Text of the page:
In my experience there has been a diachronic split between these phrases:

It is fine with me.

I am fine with it.

The latter has overtaken the former in usage although they continue to compete for the exact same meaning (which is discussed here). Is there a meaningful difference between the two phrases? Is the first one indeed on its way out?


3 Answers 3


I see a small difference between I am fine with it and it is fine for me, which is the same difference between I am unclear (used to express doubt or confusion) and it is unclear to me: in one phrase the grammar subject is I, in the other is it. For example, the focus could be placed on I to mean it is unclear to me, but it can be clear to others, or it is fine with me, and it will be fine with the others too; vice versa, the focus could be put on it to mean it is fine with me, but I don't know what others would think.

Most probably, both the sentences (the one starting with I, and the one starting with it) are understood to mean the same thing from most the people.

Looking for the frequency those, and similar phrases, are used, I get the following data (first chart; second chart):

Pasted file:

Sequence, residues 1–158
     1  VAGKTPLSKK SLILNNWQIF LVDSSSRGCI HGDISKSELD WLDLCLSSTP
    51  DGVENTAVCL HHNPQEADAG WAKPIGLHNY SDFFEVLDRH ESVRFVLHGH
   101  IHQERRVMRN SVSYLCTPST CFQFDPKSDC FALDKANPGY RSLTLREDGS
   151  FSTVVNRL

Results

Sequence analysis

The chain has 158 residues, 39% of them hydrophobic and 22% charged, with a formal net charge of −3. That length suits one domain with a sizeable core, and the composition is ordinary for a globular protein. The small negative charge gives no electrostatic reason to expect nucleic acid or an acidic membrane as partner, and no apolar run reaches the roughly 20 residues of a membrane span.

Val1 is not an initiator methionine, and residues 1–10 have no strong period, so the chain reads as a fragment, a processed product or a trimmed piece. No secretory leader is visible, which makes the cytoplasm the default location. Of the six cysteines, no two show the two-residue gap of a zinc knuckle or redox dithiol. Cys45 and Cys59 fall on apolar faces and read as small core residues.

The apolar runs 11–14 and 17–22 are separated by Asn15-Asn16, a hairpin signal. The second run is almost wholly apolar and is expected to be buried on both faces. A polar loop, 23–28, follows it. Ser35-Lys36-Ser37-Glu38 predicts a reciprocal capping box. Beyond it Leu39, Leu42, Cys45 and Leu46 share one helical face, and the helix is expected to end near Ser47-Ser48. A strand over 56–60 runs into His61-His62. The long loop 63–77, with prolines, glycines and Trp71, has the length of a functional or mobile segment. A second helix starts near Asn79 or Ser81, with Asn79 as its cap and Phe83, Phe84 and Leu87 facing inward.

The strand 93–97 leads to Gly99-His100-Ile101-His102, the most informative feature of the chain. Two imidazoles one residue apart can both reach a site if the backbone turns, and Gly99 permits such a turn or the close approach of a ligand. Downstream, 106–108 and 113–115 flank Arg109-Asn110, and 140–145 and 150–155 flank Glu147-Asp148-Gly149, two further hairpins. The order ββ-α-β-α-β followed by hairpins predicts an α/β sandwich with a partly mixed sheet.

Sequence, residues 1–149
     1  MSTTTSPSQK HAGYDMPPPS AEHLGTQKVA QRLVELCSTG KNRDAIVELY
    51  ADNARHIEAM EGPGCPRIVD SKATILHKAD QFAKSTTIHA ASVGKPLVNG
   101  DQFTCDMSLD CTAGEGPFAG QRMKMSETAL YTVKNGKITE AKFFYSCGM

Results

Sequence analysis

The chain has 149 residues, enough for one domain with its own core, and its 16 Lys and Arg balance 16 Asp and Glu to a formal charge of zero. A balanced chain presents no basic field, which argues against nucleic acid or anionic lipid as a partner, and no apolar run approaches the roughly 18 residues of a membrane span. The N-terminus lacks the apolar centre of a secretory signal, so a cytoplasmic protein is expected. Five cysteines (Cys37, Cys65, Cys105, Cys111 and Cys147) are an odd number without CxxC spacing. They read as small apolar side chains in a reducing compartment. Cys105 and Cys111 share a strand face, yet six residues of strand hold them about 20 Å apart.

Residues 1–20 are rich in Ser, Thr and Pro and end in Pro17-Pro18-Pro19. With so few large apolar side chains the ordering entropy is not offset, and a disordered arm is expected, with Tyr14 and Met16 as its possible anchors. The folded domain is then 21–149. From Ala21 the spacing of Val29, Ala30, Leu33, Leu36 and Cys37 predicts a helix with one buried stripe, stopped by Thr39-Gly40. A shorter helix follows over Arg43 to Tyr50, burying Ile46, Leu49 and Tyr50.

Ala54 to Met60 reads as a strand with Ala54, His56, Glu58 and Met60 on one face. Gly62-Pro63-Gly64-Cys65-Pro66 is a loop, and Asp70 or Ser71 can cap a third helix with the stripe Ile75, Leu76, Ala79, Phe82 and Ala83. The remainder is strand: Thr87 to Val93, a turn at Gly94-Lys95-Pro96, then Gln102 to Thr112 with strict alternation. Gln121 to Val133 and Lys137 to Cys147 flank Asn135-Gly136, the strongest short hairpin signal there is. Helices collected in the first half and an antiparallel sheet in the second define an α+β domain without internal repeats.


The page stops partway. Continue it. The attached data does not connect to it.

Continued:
first chart

second chart


There is a very slight implication of greater indifference given by "it's fine with me" relative to "I'm fine with it". I don't honestly think either is "on its way out".


The Corpus of Contemporary American English, which has text from 1990 to 2010, has 9 occurrences of “I am fine with it” (with either “I am” or “I’m”), and 28 occurrences of “It is fine with me”. So, both are still in use, and even though your second sentence seems less used in American English.

Regarding the meaning of the two, I don't think there is any perceived difference.

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